Author: Prof. Dr. med. Peter Altmeyer

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Last updated on: 01.12.2023

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Cachectin; TNF; TNF-alpha; TNFSF2; TNFα; TNF-α; Tumor Necrosis Factor; Tumor necrosis factor alpha; Tumor necrosis factor ligand superfamily member 2; Tumor Necrosis Factor-α

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Multifunctional proinflammatory cytokine that is centrally involved in local and systemic inflammation. TNF-alpha is one of the best-studied members of the so-called TNF/TNFR superfamily, a cytokine system that assumes central functions in the immune response and in organogenesis, particularly in the lymphatic system. It plays a central role in the pathogenesis of psoriasis and other inflammatory processes (Crohn's disease, arthritis; pathogenesis of contact allergy). It causes hemorrhagic necrosis in certain tumors.

General information
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TNF-alpha exists biologically in soluble or transmembrane-bound form. TNF-alpha molecules interact with at least 2 receptors (tumor necrosis factor receptor superfamily member 1A(TNFRSF1A) or tumor necrosis factor receptor superfamily member 1B (TNFRSF1B).

The interaction of TNF-alpha with its receptors activates signaling cascades that can lead to apoptosis (via caspase-8; see caspases below) and cell activation (via NF-κB) (Note: NF-kappaB/=nuclear factor-kappa B, is a fast-acting primary transcription factor that occurs in all cell types. It is involved in cellular responses to stimuli such as cytokines and stress and plays a key role in regulating the immunological response to infections (see also under transcription factors).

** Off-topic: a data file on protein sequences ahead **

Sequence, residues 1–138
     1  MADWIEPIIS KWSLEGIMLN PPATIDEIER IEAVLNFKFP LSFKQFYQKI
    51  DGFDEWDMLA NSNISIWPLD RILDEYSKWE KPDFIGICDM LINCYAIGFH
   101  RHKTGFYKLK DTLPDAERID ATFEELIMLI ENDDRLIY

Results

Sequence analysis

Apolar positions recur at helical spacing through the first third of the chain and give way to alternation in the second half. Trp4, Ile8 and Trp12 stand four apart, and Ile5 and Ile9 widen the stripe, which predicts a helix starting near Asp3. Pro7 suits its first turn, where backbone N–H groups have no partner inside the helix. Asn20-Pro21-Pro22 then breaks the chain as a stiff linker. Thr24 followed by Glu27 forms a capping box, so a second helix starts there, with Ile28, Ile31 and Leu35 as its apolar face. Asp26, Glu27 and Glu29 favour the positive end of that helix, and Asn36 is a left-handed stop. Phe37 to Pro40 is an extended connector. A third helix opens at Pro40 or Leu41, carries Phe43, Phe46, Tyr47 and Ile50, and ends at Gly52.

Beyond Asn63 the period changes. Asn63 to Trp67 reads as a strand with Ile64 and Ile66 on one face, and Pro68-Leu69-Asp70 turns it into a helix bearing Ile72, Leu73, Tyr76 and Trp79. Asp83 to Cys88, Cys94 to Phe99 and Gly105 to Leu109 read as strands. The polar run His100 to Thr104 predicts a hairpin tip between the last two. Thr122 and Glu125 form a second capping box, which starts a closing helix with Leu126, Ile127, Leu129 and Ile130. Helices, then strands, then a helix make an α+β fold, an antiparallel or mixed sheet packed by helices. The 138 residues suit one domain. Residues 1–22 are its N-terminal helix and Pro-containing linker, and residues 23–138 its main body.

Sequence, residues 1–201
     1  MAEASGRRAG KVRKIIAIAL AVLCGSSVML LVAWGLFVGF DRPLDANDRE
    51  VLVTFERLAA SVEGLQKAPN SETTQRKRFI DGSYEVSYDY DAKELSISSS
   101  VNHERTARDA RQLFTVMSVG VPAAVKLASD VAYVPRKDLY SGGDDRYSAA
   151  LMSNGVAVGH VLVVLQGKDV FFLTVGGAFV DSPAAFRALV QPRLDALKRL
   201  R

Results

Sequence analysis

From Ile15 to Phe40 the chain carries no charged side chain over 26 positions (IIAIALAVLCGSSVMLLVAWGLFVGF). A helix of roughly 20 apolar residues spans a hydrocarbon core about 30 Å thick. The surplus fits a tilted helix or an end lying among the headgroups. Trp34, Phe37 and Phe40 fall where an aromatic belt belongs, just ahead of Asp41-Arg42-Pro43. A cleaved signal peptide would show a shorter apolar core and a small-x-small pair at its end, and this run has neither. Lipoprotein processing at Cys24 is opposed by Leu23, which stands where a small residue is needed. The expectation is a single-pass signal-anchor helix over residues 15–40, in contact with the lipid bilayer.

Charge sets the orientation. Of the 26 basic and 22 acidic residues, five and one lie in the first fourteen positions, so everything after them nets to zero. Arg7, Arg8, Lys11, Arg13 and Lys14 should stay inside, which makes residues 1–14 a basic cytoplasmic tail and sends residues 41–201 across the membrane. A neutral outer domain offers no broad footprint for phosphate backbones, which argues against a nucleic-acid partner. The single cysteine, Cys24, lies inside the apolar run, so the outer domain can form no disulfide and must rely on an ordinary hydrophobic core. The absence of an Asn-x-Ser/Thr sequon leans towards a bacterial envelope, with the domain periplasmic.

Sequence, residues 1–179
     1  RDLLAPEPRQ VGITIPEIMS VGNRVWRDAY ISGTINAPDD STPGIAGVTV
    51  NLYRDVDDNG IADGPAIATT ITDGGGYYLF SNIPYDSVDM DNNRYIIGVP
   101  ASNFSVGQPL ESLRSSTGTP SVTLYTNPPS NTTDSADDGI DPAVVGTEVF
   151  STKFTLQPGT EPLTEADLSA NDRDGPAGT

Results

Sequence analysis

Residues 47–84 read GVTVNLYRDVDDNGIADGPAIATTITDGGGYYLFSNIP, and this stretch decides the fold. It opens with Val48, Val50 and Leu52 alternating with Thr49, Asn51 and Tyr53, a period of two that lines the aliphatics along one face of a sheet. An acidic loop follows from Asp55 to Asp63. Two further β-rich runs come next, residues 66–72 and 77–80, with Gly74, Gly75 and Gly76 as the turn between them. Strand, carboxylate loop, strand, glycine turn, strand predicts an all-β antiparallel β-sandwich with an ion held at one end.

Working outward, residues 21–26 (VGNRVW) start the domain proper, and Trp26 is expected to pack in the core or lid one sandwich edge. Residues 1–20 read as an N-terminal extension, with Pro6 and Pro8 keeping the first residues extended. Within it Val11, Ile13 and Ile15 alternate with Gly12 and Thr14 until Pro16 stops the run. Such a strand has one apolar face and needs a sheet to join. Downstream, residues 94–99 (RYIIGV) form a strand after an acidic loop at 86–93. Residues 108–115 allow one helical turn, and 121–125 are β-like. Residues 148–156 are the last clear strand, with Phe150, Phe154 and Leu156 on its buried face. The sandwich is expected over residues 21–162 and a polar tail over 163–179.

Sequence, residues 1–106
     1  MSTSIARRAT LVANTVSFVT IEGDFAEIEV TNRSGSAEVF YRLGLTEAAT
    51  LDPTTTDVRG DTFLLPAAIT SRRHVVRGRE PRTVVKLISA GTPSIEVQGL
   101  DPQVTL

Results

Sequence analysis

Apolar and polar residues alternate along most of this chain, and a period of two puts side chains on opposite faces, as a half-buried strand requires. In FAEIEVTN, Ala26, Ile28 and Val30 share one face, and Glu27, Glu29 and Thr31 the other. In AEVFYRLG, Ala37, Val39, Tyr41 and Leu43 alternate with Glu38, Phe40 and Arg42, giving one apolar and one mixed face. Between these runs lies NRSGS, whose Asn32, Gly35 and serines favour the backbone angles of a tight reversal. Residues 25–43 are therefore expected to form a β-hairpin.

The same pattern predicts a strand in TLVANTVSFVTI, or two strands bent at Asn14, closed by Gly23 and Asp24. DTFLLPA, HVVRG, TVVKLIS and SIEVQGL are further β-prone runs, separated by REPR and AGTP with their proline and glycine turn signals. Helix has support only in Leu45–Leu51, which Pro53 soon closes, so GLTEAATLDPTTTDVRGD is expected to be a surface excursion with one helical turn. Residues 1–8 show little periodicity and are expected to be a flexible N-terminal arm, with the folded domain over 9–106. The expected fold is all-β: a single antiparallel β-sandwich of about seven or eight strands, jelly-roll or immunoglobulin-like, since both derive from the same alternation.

The balance of antagonistic effects of both signaling inductions depends on the cellular environment in which the stimulation by TNF-alpha occurs. The NF-κB-mediated reaction is relevant for inflammation, in the course of which pro-inflammatory enzymes such as interleukins (especially interleukin-6 and interleukin-8) are released.

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TNF-alpha is mainly produced and released by macrophages, but also by a large number of other cells such as lymphocytes, mast cells, endothelial cells, cardiac muscle cells, fibroblasts and neuronal tissue. Large amounts of TNF-alpha are released in response to bacterial products (e.g. lipopolysaccharides) and interleukin-1beta (seeinterleukin-1 below). The formation is stimulated via Toll-like receptors and the MAP signaling pathway as well as NF-kappaB. It also has effects on lipid metabolism, blood coagulation, insulin resistance and various endothelial functions.

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TNF-alpha and its interactions with its receptors are pharmacologically important targets of various drug classes. Drug classes that are effective in the biological immunotherapy of various diseases, including Crohn's disease, rheumatoid arthritis and psoriasis. See also infliximab, etanercept, golimumab.

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TNF-alpha was described as early as 1975 as a cytokine that plays a role in bacterial diseases.

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Last updated on: 01.12.2023